Healthy living * Sexual health

Women attracted to men in red

Women attracted to men in red Look out ladies

Forget the flowers guys, just wear red if you want to seduce the woman of your dreams.

Researchers have found that men pictured wearing red or framed in red are more appealing to women, as compared to other colours.

"Red is typically thought of as a sexy colour for women only," said Andrew Elliot from the University of Rochester.

"Our findings suggest that the link between red and sex also applies to men."

In the study, 25 men and 32 women briefly viewed a black-and-white photo of a man in a polo shirt, surrounded by a red or white background.

Using a nine-point scale, they answered three questions: "How attractive do you think this person is?", "How pleasant is this person to look at?", and "If I were to meet the person in this picture face to face, I would think he is attractive."

Women who looked at a man surrounded by red or white rated the man surrounded by red a little over one point higher on a nine-point scale of attractiveness, a statistically significant bump.

The effect was limited to women.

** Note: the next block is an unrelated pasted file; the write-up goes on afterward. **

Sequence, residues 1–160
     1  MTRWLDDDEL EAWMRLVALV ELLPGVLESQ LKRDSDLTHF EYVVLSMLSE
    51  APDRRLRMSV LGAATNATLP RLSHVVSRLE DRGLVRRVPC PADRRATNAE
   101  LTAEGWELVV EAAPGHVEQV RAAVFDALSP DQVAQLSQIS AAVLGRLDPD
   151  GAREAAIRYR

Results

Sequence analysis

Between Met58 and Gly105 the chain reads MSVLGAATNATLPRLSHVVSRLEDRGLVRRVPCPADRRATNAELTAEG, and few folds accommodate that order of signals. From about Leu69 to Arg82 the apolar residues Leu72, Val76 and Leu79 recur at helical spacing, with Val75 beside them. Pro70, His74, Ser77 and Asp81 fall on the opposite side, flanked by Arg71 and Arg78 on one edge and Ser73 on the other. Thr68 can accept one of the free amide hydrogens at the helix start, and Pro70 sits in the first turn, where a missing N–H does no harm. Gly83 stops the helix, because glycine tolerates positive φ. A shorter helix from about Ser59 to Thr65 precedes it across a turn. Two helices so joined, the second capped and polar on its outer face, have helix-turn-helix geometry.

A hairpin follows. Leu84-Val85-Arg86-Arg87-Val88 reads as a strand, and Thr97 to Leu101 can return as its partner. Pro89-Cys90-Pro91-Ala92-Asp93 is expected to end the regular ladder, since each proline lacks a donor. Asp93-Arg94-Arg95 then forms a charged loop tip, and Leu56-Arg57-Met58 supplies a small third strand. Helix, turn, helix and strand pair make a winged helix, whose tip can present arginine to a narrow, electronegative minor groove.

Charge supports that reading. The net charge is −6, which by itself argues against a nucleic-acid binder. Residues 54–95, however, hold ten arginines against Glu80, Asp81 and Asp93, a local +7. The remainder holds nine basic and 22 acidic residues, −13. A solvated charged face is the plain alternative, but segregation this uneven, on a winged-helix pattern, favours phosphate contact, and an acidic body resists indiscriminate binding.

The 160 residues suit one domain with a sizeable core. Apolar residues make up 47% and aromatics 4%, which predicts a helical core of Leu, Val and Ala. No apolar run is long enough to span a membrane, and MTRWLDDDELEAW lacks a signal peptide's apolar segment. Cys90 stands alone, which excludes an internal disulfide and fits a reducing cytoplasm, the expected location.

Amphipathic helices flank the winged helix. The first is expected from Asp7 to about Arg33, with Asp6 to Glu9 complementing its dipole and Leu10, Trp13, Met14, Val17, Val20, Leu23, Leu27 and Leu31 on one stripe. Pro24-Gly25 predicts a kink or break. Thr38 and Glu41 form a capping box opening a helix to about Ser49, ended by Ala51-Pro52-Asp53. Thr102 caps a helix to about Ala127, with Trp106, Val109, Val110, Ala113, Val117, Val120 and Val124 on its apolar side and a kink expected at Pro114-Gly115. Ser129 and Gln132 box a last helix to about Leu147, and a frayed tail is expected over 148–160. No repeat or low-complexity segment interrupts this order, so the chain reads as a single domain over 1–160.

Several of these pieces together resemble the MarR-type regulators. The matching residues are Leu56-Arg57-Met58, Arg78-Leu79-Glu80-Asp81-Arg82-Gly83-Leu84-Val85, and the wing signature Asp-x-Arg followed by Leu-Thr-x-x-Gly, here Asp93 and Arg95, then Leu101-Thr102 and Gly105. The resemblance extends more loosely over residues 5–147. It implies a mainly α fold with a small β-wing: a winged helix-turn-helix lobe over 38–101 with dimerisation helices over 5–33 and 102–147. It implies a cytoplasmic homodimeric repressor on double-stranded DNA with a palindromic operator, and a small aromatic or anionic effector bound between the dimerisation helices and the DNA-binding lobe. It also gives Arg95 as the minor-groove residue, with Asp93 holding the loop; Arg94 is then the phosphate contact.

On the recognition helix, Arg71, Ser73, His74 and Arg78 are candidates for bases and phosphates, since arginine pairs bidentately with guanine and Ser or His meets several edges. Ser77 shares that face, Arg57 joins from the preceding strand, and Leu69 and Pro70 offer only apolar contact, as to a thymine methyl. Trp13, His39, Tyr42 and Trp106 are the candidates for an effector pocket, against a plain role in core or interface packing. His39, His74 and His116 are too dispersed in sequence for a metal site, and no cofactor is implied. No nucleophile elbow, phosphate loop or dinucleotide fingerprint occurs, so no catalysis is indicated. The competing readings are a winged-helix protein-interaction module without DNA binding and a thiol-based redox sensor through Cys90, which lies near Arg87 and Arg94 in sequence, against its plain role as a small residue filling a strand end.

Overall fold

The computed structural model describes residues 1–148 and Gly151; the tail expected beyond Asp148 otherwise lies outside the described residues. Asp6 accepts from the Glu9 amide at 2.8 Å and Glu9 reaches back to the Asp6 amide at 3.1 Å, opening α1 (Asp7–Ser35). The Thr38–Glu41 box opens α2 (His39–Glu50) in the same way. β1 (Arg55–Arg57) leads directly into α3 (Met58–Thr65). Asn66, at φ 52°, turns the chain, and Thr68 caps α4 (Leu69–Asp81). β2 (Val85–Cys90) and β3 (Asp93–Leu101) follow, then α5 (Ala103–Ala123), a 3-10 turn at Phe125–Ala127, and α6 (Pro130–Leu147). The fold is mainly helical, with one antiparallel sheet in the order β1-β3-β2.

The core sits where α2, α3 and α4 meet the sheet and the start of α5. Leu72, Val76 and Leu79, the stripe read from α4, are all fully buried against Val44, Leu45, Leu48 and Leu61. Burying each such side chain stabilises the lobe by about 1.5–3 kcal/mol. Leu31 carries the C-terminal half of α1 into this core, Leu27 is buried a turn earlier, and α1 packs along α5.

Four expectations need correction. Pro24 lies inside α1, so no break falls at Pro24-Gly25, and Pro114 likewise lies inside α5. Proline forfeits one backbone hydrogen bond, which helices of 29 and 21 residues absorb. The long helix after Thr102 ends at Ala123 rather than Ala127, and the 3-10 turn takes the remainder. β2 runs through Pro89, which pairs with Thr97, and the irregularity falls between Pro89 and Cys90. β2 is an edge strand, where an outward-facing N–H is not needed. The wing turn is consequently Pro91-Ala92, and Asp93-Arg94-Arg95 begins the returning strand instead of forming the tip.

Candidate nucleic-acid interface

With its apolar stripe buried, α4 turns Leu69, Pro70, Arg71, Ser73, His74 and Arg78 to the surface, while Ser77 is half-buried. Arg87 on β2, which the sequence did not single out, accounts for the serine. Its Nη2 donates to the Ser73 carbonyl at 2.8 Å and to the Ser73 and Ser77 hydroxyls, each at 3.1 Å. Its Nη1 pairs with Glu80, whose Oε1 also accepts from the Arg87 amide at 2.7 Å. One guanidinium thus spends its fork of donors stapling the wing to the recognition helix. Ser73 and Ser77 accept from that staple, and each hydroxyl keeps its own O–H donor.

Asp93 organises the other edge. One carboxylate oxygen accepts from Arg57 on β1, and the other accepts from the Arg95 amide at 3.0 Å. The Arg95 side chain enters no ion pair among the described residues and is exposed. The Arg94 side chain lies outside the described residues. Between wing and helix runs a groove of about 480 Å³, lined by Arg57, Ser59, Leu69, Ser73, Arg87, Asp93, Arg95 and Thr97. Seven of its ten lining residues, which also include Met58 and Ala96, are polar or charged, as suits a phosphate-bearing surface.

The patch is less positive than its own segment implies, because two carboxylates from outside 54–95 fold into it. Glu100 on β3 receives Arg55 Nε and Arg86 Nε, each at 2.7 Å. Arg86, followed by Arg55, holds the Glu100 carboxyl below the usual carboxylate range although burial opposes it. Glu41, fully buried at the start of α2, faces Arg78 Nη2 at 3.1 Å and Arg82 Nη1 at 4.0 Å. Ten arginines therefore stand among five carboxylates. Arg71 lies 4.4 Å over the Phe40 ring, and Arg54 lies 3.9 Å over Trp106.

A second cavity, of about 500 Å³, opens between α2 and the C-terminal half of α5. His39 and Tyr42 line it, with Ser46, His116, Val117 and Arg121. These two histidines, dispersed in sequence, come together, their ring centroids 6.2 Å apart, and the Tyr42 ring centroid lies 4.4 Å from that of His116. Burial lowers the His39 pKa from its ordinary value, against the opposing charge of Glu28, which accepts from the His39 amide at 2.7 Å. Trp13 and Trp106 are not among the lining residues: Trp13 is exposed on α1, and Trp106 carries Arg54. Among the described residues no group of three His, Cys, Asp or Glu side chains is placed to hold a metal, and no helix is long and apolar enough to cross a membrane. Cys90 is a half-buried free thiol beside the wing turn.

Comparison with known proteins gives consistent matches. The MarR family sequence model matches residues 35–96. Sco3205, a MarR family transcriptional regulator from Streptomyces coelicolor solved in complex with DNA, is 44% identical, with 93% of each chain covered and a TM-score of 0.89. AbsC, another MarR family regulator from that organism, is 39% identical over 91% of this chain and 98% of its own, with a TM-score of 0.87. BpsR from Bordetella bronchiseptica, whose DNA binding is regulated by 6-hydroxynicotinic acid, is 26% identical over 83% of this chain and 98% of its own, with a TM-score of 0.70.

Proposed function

Another experiment featured a man in a colour photo, dressed in either a red or a green shirt.

A pool of 55 women rated the man in red as significantly more attractive - on average, nearly one point higher on the same nine-point scale.

They also thought he was more desirable, according to a second, five-item measure that asked viewers to rate, for example, the likelihood that they'd want to have sex with him.

Although the colour red means different things in different cultures, the finding of women (but not men) attracted to men in red was consistent across countries.

Women in a follow-up study perceived men wearing red T-shirts to be significantly more likely to be high in status than men wearing blue T-shirts. The men in red also seemed more generally and sexually attractive.

Red may enhance sexual attractiveness because it is a status symbol, according to the authors of the study, which is published in the Journal of Experimental Psychology.

The power of red holds throughout the primate world. Female primates (including women) are "extremely adept at detecting and decoding blood flow changes in the face," the authors said, "and women have been shown to be more sensitive to the perception of red stimuli than are men."

Are men aware that red may work in the bedroom as well as the boardroom? The authors suggest red might make men more likely to strut their stuff.

"A man who wears red may feel dominant," they added, "which influences his self-confidence and behaviour and in turn may impress women."

This article was published on Tue 3 August 2010



Image © zimmytws - Fotolia.com


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